Hemocyanin facilitates lignocellulose digestion by wood-boring marine crustaceans

Katrin Besser, Graham P Malyon, William Scott Eborall, Giovanni Paro da Cunha, Jefferson Goncalves Filgueiras, Adam Dowle, Lourdes Cruz Garcia, Samuel J. Page, Ray Dupree, Marcelo Fernando Kern, Leonardo Dario Gomez, Yi Li, Luisa Elias, Federico Sabbadin, Shaza E. Mohamad, Giovanna Pesante, Clare G. Steele-King, Eduardo Ribeiro de Azevedo, Igor Polikarpov, Paul DupreeSimon M. Cragg, Neil Charles Bruce, Simon John McQueen Mason

Research output: Contribution to journalArticlepeer-review


Woody (lignocellulosic) plant biomass is an abundant renewable feedstock, rich in polysaccharides that are bound into an insoluble fiber composite with lignin. Marine crustacean woodborers of the genus Limnoria are among the few animals that can survive on a diet of this recalcitrant material without relying on gut resident microbiota. Analysis of fecal pellets revealed that Limnoria targets hexose-containing polysaccharides (mainly cellulose, and also glucomannans), corresponding with the abundance of cellulases in their digestive system, but xylans and lignin are largely unconsumed. We show that the limnoriid respiratory protein, hemocyanin, is abundant in the hindgut where wood is digested, that incubation of wood with hemocyanin markedly enhances its digestibility by cellulases, and that it modifies lignin. We propose that this activity of hemocyanins is instrumental to the ability of Limnoria to feed on wood in the absence of gut symbionts. These findings may hold potential for innovations in lignocellulose biorefining.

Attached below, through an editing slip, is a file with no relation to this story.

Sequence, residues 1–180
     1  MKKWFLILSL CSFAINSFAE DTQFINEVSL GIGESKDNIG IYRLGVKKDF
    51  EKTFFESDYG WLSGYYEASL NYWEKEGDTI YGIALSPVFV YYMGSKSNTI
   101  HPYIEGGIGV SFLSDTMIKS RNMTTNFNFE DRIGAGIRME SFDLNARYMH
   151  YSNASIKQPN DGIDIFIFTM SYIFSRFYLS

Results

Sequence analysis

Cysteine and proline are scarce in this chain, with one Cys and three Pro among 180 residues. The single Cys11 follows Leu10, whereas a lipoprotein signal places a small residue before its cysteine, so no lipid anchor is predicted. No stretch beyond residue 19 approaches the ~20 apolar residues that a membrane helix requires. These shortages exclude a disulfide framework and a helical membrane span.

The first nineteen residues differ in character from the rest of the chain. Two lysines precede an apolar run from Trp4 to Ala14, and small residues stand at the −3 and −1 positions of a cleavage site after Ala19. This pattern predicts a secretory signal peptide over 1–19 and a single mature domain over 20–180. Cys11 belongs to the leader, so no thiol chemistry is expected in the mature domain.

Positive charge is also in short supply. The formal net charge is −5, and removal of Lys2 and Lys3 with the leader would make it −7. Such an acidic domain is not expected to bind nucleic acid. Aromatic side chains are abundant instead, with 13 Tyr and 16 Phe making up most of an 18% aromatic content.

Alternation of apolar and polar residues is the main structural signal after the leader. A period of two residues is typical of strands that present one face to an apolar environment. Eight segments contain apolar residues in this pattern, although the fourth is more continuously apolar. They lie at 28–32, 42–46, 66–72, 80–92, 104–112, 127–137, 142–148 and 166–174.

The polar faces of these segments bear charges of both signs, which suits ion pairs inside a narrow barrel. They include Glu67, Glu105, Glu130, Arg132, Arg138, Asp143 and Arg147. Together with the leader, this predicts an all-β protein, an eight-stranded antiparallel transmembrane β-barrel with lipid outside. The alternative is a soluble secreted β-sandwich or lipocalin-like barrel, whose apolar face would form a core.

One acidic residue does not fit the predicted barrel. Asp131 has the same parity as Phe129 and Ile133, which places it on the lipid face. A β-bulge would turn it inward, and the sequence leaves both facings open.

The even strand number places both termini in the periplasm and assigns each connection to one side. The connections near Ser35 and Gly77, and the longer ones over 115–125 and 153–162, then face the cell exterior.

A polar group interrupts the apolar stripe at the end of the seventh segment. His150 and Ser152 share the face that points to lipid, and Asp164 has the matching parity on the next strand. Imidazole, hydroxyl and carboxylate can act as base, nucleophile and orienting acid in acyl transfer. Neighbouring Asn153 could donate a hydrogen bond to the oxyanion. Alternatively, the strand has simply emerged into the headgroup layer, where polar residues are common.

Original languageEnglish
Article number5125
Number of pages14
JournalNature Communications
Issue number1
Publication statusPublished - 3 Dec 2018

Bibliographical note

© The Author(s) 2018.


  • Animals
  • Cellulose/metabolism
  • Diet
  • Digestion/physiology
  • Feces/chemistry
  • Gastrointestinal Tract/metabolism
  • Hemocyanins/metabolism
  • Isopoda/metabolism
  • Lignin/metabolism
  • Microscopy, Electron, Scanning
  • Microscopy, Electron, Transmission
  • Wood/parasitology
  • Xylans/metabolism

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